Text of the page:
The river was quiet today. I love guiding on overcast dreary but warm days. Good sweatshirt weather guiding. Today was rain jacket weather, which I’ve never minded. It’s why we have those expensive jackets. They do work. Rainy days are always a little slower, little more chill, sometimes they give tremendous fishing. Today wasn’t that day.
Guiding isn’t just about the fish. It’s a good part of it don’t get me wrong. But it only ever takes one good fish anglers. Only 1. I’ve been fishing this river for a long time and I’ve done a lot of guide trips. Met a lot of anglers. It only takes one. That’s all I need to say. Guiding comes down to 80 percent people and 20 percent fishing. The fishing part of guiding has a steep learning curve but once you get through it the fishing takes care of itself.
Here’s an easy breakdown of what I mean on a slow day of fishing when that 20 percent really matters. I guided in tandem in a short 4-mile float with a very experienced guide. One who trained me. We work well together. We got into 6 or so fish between the two of us.
Here’s my breakdown for my boat:
Nymphing. Started out single weighted pats coffee size 6, 4.5 feet down. Nymphing 4 to 6 foot shelf and boulder water with minimal current but near or next to moderate speed water current. Long 20 to 30 foot drifts, following with boat, light oar strokes to allow for mending at 90 degrees to the boat. Front boat angler fishing 10 to 15 feet out of the front of the boat, back anglers fishing outside lanes 15 to 20 feet from the boat. Drifts are 45 back up stream mending, in the zones by 90 degrees to the boat, 15 to 20 feet of drift from 90 degrees following with boat to 45 degrees downstream, recast. 1 to 3 drifts and casts through water. Holding line 100 to 300 yards at a time.
One fish 2nd cast 12 inches. Ran those lines river left and right for half a mile. Added second fly, pheasant tail Jig tungsten bead, and added split shot 10 inches above lead fly. Adjusted indicators to 5.5 feet to bottom fly adjust rowing lines for slightly deeper slower water, ran for 600 yards. Nothing.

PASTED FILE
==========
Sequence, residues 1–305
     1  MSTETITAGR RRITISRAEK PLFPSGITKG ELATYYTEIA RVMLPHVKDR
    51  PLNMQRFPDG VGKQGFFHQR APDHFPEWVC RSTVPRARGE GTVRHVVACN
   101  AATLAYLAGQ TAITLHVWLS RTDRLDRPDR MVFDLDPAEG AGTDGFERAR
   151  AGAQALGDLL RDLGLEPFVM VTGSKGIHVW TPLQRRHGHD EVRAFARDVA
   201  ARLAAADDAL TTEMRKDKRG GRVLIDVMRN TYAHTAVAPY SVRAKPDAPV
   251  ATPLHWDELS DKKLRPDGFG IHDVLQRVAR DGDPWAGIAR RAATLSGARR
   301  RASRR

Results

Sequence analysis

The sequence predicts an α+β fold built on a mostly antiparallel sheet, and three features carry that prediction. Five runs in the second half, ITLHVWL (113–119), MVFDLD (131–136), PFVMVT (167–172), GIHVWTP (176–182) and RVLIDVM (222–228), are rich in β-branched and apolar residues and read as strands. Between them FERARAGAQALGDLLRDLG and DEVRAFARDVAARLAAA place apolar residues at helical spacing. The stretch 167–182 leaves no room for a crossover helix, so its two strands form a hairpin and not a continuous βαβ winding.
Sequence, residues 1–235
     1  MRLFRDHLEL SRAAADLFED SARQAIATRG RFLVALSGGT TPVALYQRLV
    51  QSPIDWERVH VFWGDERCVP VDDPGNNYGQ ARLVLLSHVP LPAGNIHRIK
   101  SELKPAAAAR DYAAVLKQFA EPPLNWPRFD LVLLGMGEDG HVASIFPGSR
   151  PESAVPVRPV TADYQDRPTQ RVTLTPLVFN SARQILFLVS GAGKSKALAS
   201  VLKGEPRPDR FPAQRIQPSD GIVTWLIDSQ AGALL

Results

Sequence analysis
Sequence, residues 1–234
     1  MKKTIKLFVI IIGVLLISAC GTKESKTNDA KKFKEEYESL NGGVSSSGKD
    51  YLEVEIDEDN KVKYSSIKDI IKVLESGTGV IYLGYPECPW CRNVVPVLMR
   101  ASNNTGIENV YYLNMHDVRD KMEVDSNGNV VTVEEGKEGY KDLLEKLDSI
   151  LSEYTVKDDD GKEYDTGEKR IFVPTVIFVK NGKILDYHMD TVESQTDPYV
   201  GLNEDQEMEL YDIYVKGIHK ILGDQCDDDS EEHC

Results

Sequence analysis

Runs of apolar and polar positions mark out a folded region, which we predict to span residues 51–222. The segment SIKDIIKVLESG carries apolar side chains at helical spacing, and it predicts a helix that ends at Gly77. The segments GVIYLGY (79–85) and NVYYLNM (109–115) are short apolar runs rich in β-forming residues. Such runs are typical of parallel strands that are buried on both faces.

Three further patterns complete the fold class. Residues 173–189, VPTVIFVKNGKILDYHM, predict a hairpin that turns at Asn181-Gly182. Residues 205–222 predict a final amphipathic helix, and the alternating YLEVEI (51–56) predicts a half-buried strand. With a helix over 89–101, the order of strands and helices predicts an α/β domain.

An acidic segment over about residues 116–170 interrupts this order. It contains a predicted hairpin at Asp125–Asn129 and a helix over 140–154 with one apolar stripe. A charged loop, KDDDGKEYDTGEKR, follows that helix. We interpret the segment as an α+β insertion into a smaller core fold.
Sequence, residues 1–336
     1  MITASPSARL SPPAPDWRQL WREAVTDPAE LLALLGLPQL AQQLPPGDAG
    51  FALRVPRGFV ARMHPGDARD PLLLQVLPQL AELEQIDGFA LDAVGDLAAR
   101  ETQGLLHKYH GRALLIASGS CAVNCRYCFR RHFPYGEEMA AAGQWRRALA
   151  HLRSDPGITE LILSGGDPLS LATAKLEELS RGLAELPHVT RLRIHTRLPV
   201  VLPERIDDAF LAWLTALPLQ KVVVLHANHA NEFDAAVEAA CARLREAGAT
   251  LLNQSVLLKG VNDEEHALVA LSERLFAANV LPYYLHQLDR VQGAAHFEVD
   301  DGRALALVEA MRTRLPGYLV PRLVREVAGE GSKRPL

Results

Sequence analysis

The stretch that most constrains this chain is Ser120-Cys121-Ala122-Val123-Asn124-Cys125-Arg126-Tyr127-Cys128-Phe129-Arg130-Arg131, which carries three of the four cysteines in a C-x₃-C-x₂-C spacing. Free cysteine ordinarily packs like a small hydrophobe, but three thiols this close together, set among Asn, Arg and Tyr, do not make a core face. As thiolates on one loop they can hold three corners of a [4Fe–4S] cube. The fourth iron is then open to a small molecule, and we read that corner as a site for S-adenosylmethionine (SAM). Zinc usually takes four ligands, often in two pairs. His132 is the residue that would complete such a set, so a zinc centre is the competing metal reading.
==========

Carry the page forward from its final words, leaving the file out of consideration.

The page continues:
At this point saw other boat in different lines hit a fish. Held my lines for 10 more minutes, adjusted, and ran a secondary line behind other guides, with no success. Came to a stop and changed to olive pats and smaller mayfly trailer fly, same depth and split shot. Ran slower water at 4 to 6 foot depth. May have missed 1.
Switched to dry dropper. Fished 1 to 4 feet off the bank with a size 14 Jig head pheasant tail, 16 inches under a skwalla dry. Nothing for 600 yards. Other guide had one come up for skwalla when stopped agin. Waited for 30 minutes for bugs, coming up on 2pm.
Small hatch more rain, moved on with dry dropper rig, working tight water going slow. Ran laps on a 80 yard stretch 2 times once with dries bank lane tight, and then again with previous nymph rig. Other guide ran different rigs similarly. May have missed 1.
Nymphed for a mile targeting various types of water speed at 4 to 6 feet depth. Went to 8 to 9 feet in slower deeper water. Saw risers and skwallas on the river. Switched to dry droppers. Other guide hit one on dry landed. Ran 3 laps 2 with dries 1 with nymphs on a 80 yard stretch. Nothing. Ran 3 laps in back eddy with dry droppers, nothing. Saw large trout rise. Got out and casted to it with no love. Other guide caught up, no love for them. Take out nearing, 6 love. Other guide gets take out trout. Hear two rise. Back row and run laps 3 times. Rain comes on. No love. Take out.
That’s the 20 percent of fishing and rowing of a half day float on a slow day.